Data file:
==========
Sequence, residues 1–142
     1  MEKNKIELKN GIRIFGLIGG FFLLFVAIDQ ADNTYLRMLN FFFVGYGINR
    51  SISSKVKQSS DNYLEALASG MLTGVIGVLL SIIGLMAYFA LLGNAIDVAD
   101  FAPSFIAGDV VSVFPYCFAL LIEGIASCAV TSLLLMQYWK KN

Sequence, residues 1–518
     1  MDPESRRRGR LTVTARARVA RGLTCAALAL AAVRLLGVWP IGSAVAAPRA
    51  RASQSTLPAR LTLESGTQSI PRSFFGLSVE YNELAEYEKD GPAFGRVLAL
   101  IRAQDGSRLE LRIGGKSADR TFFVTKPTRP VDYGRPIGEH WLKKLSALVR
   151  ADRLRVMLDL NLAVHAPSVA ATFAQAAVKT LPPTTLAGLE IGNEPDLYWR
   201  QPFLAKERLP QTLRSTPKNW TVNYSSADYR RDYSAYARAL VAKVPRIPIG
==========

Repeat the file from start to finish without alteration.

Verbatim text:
Sequence, residues 1–142
     1  MEKNKIELKN GIRIFGLIGG FFLLFVAIDQ ADNTYLRMLN FFFVGYGINR
    51  SISSKVKQSS DNYLEALASG MLTGVIGVLL SIIGLMAYFA LLGNAIDVAD
   101  FAPSFIAGDV VSVFPYCFAL LIEGIASCAV TSLLLMQYWK KN

Sequence, residues 1–518
     1  MDPESRRRGR LTVTARARVA RGLTCAALAL AAVRLLGVWP IGSAVAAPRA
    51  RASQSTLPAR LTLESGTQSI PRSFFGLSVE YNELAEYEKD GPAFGRVLAL
   101  IRAQDGSRLE LRIGGKSADR TFFVTKPTRP VDYGRPIGEH WLKKLSALVR
   151  ADRLRVMLDL NLAVHAPSVA ATFAQAAVKT LPPTTLAGLE IGNEPDLYWR
   201  QPFLAKERLP QTLRSTPKNW TVNYSSADYR RDYSAYARAL VAKVPRIPIG